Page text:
New York Philharmonic Launches CONTACT Series in April
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CONTACT!, the New York Philharmonic's new music series, is in its fourth season. In this second of two programs, Music Director Alan Gilbert conducts a program of recent European works. Principal Oboe Liang Wang is featured in the U.S. premiere of Poul Ruders's Oboe Concerto (1998). Unsuk Chin's Gougalon (2012) has its U.S. premiere performance, as does Yann Robin's Backdraft (2012), a co-commission by the New York Philharmonic and the Fundacao Casa da Musica, Portugal. And Anders Hillborg's Vaporized Tivoli (2010) has its New York premiere.
Ticket-holders are invited to a reception after the concert, with beer provided by Brooklyn Brewery.
Principal Oboe Liang Wang, The Alice Tully Chair, joined the New York Philharmonic in September 2006. Previously, he was principal oboe of the Cincinnati Symphony Orchestra (2005-06) and principal oboe of the Santa Fe Opera (2004-05). Born in Qingdao, China, in 1980, Mr. Wang began oboe studies at the age of seven. In 1993 he enrolled at the Beijing Central Conservatory, and two years later became a full-scholarship student at the Idyllwild Arts Academy in California. He completed his bachelor's degree in 2003 at The Curtis Institute of Music in Philadelphia, where he studied with Philadelphia Orchestra principal oboe Richard Woodhams.
Bring the Kids! $1 tickets available, see www.metmuseum.org/tickets
Friday, April 12, 2013, at 7:00 p.m. in The Grace Rainey Rogers Auditorium
The Sau-Wing Lam Collection in Action: The Dark Arts of the Viola
In four concerts during the 2012-13 season, New York's dynamic young Salomé Chamber Orchestra will present programs featuring members and guest artists performing on instruments from The Sau-Wing Lam Collection of Rare Italian Stringed Instruments, a selection of which will be on view in the Metropolitan Museum's André Mertens Galleries for Musical Instruments through June 30, 2013.
These concerts are made possible by The Horace W. Goldsmith Foundation.
In this program, violinist Philippe Quint joins Salomé co-founders Sean Avram Carpenter and violist David Aaron Carpenter in performances of works featuring viola: Mozart's Sinfonia Concertante for Violin, Viola, and String Orchestra, K. 364; Lera Auerbach's Sogno di Stabat Mater for Violin, Viola, Vibraphone, and Orchestra (2008); and and Paganini's Sonata per la Grand Viola et Orchestra Op. 35, featuring violist David Aaron Carpenter, violinist Philippe Quint (performing on the "Bavarian" Stradivari in the Mozart work), and violinist Sean Carpenter (performing on the "Baltic" Guarneri del Gesù of 1731).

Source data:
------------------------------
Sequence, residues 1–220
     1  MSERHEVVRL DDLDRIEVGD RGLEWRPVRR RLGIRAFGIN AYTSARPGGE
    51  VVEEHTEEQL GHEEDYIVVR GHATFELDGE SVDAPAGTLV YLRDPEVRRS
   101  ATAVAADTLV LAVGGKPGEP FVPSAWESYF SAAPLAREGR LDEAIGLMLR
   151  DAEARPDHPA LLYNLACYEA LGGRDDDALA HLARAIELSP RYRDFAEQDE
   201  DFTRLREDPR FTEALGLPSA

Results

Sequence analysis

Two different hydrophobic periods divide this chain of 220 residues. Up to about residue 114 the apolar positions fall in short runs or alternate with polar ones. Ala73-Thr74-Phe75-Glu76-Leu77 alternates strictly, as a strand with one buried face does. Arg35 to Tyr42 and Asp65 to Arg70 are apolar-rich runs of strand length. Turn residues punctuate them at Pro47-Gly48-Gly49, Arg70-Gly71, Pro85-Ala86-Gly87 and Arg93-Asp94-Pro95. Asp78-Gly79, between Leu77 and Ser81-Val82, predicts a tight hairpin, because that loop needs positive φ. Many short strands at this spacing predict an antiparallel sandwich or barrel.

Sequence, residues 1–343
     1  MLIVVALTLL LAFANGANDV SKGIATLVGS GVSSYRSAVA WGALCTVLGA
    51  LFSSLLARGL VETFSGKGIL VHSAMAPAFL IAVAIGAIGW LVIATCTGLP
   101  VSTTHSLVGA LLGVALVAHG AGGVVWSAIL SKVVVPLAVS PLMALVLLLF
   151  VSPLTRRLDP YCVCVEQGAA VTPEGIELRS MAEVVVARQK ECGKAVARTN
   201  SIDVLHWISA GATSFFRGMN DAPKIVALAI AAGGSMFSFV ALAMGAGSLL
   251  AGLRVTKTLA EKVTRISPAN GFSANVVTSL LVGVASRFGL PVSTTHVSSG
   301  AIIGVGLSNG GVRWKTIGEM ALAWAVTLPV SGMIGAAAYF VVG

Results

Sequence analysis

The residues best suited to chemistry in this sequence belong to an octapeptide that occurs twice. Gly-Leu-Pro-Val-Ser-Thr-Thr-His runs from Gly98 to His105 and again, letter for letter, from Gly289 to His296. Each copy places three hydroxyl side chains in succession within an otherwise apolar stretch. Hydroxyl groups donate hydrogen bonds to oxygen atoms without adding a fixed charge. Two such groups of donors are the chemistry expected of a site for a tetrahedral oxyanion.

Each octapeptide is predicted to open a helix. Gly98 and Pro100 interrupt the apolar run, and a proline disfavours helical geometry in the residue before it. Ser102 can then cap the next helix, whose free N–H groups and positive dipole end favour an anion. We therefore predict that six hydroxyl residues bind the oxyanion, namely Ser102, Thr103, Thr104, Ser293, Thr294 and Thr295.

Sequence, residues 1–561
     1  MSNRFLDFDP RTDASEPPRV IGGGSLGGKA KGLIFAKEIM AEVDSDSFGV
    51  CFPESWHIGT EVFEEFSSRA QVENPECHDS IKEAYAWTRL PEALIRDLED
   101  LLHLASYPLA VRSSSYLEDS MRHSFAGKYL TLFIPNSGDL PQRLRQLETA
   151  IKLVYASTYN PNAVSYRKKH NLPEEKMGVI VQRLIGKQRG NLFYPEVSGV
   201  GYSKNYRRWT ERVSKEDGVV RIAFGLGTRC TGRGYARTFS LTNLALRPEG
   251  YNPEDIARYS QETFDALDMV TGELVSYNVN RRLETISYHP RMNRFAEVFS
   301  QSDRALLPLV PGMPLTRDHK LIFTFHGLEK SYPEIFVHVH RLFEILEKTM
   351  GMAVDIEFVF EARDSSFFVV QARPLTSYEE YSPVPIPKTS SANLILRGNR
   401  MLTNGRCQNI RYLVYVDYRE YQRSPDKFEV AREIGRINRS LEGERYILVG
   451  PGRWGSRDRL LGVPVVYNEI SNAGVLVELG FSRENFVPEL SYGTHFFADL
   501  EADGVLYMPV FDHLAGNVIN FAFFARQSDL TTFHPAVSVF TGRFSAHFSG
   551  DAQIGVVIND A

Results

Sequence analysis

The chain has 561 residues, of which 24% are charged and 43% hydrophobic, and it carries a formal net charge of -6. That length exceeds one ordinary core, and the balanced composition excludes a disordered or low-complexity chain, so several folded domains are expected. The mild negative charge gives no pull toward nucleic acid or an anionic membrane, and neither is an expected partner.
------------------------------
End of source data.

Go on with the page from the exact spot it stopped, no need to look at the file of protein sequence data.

This is the first time that musical instruments from the renowned collection assembled by Sau-Wing Lam (1923-1988) are on public display in the United States. The instruments on view-nine violins and one viola-include such masterpieces as the Baltic violin by Giuseppe Guarneri "del Gesù" (1698-1744) and the Scotland University and Bavarian violins by Antonio Stradivari (1644-1737). The opening date of the installation, December 18, coincided with the 275th anniversary of the death of Antonio Stradivari.
The Salomé Chamber Orchestra, New York City's electrifying new conductor-less string ensemble, was formed in September 2009. Founded by the Carpenter siblings (violinists Sean and Lauren and violist David), Salomé is dedicated to advancing the works of both underappreciated and well-recognized chamber composers, and to performing a broad range of repertoire from Baroque to contemporary. Salomé's intelligent, artistic, and interdisciplinary approach to music-making produces refreshing and vibrant performances that attest to the wealth of talent that can be found in this great city and in this generation of musicians. www.salomechamber.org